Ages & Stages
Effective discipline starts with understanding where your child falls on the developmental spectrum. Our guide:
- At 18 months your child is curious, fearless, impulsive, mobile, and clueless about the consequences of her actions -- a recipe for trouble. "My image of an 18-month-old is a child who's running down the hall away from his mother but looking over his shoulder to see if she's there and then running some more," says William Coleman, MD, professor of pediatrics at the Center for Development and Learning at the University of North Carolina Medical School, in Chapel Hill. "Though he's building a vocabulary and can follow simple instructions, he can't effectively communicate his needs or understand lengthy reprimands. He may bite or hit to register his displeasure -- or to get your attention. Consequences of misbehavior must be immediate. Indeed, if you wait even 10 minutes to react, he won't remember what he did wrong or tie his action to the consequence, says Linda Pearson, a Denver-based psychiatric nurse practitioner.
- At age 2 your child is using her developing motor skills to test limits, by running, jumping, throwing, and climbing. She's speaking a few words at a time, she becomes frustrated when she can't get her point across, and she's prone to tantrums. She's also self-centered and doesn't like to share. "People call it the terrible twos, but it's really the 'autonomous twos,'" Dr. Coleman says. Consequences should be swift, as a 2-year-old is unable to grasp time. But since she still lacks impulse control, give her another chance soon after the incident, says Claire Lerner, LCSW, director of parenting resources with Zero to Three, a nationwide nonprofit promoting the healthy development of babies and toddlers.
- At age 3 your child is now a chatterbox; he's using language to argue his point of view. Since he loves to be with other children and has boundless energy, he may have a tough time playing quietly at home. "Taking a 3-year-old to a gym or karate class will give him the social contact he craves and let him release energy," says Harvey Karp, MD, an assistant professor of pediatrics at the University of California-Los Angeles Medical School. "At this age, kids need that as much as they need affection and food." He also knows right from wrong, understands cause and effect, and retains information for several hours. Consequences can be delayed for maximum impact, and explanations can be more detailed. For example, if he hurls Cheerios at his sister, remind him about the no-food-throwing rule and explain that if he does it again, he won't get to watch Blues Clues. If he continues to throw food, take it away from him. When he asks to watch TV, say, "Remember when Mommy told you not to throw cereal -- and you did anyway? Well, Mommy said the consequence is no Blues Clues today."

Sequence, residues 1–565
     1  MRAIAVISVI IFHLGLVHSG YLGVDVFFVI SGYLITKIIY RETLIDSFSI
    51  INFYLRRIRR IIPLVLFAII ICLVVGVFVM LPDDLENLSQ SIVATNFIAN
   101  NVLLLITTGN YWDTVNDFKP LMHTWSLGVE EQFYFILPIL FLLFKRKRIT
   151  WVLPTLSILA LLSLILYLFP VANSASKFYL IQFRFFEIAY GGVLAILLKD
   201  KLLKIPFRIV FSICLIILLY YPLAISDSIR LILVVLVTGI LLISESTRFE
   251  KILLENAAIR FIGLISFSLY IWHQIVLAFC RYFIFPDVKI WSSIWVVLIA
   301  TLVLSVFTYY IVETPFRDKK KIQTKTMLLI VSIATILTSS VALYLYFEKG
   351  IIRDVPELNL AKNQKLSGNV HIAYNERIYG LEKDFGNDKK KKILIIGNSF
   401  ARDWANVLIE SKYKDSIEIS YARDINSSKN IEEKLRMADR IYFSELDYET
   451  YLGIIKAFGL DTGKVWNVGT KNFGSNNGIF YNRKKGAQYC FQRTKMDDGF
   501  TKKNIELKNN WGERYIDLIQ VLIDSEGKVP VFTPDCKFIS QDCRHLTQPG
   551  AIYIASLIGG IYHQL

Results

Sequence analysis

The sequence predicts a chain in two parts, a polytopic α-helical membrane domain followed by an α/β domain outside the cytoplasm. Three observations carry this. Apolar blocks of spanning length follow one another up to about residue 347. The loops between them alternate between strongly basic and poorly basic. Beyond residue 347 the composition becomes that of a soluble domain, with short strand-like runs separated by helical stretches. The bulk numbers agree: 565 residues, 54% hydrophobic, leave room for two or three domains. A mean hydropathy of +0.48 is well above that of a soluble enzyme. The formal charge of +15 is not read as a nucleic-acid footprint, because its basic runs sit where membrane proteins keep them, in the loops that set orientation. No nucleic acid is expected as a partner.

Freelance writer Cynthia Hanson lives outside Philadelphia with her husband and well-behaved 5-year-old son.
Originally published in American Baby magazine, February 2007.
All content here, including advice from doctors and other health professionals, should be considered as opinion only. Always seek the direct advice of your own doctor in connection with any questions or issues you may have regarding your own health or the health of others.